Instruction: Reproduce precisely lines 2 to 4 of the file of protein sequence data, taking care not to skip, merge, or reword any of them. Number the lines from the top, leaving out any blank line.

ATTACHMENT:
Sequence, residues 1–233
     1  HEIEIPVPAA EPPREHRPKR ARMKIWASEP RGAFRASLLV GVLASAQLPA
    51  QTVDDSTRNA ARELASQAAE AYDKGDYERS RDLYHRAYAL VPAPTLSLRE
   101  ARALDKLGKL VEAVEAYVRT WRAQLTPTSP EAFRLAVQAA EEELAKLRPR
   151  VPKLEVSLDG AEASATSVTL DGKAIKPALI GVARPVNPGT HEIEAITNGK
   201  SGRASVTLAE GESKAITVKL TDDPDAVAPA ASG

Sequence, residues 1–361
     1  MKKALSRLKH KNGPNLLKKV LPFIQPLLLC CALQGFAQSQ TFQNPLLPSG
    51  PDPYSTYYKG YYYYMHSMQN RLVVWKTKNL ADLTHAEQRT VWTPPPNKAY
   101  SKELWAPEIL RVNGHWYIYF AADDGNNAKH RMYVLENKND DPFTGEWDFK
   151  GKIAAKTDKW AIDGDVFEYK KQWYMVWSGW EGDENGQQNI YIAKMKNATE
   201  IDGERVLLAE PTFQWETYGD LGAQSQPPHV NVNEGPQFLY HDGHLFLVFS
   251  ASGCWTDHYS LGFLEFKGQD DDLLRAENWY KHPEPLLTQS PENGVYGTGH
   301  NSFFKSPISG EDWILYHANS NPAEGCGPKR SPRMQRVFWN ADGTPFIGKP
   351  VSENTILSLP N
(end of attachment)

     1  HEIEIPVPAA EPPREHRPKR ARMKIWASEP RGAFRASLLV GVLASAQLPA
    51  QTVDDSTRNA ARELASQAAE AYDKGDYERS RDLYHRAYAL VPAPTLSLRE
   101  ARALDKLGKL VEAVEAYVRT WRAQLTPTSP EAFRLAVQAA EEELAKLRPR